When we are in a relationship with expatriates, we need compromises in order to make it work. But I found this question requires a little more thought:
What, if anything, would you not compromise on even if it could mean the end of your relationship?
JM asked this in a series of Love Q questions more than a week ago. I know I’m a little late but here’s what I think.
Saudi Arabia Expats
I guess most of us would feel it is common sense to walk away if our partner is abusive. That is certainly something that can’t be compromised, especially when we have kids who are witnessing all the abuses.
I think what this question is bringing up is what happens if you are confronted with a not so clear-cut situation instead, such as cheating. Would you compromise? Can you stand it if your expatriate man doesn’t want to lift a finger to help around the house? Would you threathen to walk away if he listens to his mom more than he listens to you?
At this stage, I can’t say that I won’t compromise on any issues that may arise in my relationship. Somehow, when you are married with a kid, your perspective on relationship tends to change a lot. If you had posed me this question when I was still single, I think I can give you a long list of what I won’t compromise.
If you had asked me this when I have gotten married but without a kid, I can still give you a list although it may well be a shorter one. But now that I have a 3 year-old with me, it is kind of hard to say I won’t forgive him if he cheats or I would throw him out if he doesn’t listen to me.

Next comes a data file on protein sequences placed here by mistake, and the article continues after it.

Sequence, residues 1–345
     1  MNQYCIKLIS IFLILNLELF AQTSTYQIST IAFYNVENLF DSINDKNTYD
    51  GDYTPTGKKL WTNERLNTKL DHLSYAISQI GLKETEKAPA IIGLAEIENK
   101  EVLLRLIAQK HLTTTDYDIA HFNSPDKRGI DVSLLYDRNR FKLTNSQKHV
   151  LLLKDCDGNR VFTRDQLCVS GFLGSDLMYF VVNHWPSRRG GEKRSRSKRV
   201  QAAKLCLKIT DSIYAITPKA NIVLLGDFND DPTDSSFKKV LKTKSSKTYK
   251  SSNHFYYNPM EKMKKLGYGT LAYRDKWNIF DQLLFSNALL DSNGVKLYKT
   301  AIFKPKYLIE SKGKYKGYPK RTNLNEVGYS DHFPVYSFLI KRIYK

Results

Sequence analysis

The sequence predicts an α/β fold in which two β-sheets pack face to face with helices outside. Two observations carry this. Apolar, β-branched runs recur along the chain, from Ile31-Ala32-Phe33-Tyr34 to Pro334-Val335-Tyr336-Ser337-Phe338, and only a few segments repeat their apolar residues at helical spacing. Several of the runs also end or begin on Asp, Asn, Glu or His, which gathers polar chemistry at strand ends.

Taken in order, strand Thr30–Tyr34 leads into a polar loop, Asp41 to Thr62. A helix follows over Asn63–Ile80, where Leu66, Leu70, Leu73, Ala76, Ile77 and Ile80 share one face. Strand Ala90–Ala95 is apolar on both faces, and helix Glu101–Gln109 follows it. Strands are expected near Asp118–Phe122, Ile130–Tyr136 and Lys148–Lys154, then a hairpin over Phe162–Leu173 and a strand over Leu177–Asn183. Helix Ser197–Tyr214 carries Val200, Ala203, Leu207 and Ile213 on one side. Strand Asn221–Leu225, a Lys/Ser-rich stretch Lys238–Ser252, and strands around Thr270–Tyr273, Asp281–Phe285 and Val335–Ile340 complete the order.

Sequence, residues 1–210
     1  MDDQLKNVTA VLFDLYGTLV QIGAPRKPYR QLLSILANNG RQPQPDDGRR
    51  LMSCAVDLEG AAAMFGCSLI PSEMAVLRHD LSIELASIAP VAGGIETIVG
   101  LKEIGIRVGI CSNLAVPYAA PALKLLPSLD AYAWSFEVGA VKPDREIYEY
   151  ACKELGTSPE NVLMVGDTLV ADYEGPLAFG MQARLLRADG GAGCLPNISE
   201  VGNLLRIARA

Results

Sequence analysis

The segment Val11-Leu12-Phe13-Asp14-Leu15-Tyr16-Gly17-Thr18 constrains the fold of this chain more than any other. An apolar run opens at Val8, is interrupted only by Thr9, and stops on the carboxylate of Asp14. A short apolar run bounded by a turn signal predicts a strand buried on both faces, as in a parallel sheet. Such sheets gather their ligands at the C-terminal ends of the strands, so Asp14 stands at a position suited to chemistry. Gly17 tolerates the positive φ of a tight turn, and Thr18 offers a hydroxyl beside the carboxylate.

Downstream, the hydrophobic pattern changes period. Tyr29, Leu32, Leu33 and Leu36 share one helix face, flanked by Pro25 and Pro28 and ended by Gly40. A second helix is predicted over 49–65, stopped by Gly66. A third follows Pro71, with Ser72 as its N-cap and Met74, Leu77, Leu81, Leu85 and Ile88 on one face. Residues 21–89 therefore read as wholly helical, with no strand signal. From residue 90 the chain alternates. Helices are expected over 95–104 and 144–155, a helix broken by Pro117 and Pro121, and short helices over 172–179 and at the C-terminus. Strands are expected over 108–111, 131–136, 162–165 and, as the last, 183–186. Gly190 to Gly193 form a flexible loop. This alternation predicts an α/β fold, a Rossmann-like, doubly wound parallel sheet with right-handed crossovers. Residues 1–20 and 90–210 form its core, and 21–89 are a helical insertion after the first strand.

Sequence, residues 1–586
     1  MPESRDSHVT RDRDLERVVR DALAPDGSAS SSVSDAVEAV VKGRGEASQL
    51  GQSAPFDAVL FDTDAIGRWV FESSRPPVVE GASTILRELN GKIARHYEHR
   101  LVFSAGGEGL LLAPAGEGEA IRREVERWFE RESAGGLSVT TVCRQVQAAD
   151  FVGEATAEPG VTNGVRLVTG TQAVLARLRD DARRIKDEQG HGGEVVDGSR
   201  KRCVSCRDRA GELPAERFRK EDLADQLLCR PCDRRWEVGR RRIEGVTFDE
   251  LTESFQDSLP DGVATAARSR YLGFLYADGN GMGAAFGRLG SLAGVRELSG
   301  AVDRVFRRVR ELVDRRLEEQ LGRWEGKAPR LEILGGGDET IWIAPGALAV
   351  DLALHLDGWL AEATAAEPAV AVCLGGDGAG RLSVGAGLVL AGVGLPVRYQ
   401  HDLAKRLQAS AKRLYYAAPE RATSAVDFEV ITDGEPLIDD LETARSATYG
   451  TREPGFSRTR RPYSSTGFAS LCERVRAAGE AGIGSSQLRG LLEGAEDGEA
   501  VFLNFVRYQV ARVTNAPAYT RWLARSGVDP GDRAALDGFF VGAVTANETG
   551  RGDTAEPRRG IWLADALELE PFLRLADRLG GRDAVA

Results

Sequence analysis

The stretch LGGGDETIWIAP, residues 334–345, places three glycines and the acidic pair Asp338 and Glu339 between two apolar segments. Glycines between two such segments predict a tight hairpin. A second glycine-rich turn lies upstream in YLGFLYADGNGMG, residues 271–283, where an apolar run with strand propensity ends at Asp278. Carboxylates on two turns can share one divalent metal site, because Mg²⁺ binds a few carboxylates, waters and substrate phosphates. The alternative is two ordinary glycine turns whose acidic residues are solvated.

So, what I won’t compromised now would probably centers around the welfare of my son rather than mine alone. After all, when you have kids, you cannot just think about yourself but also what is best for them.
It’s common for dating situations to only last 1-3 months, so your telling someone about your father’s death may have nothing to do with why these situations do not go beyond short term. Have you noticed any pattern between the time you talk about this and their exit?
I assume you have your bad days and your better ones. The thing I think you might want to be careful with (if you are not already) is unwittingly putting someone you are just getting to know in the position where they think you are expecting them to “be there” for you. Do you understand what I mean? Most expat people when they start dating someone new want to keep it light and fun – they aren’t necessarily ready to take on the emotional care of grieving lover – that’s the kind of thing that comes with being a couple.
In other words, when you are having a bad day it might be best to talk through it with your counselor, or family member rather than a person you are dating until the relationship is further along. It’s not a matter of perceiving you to be unstable, rather a perception of getting into something heavy too soon for the other person.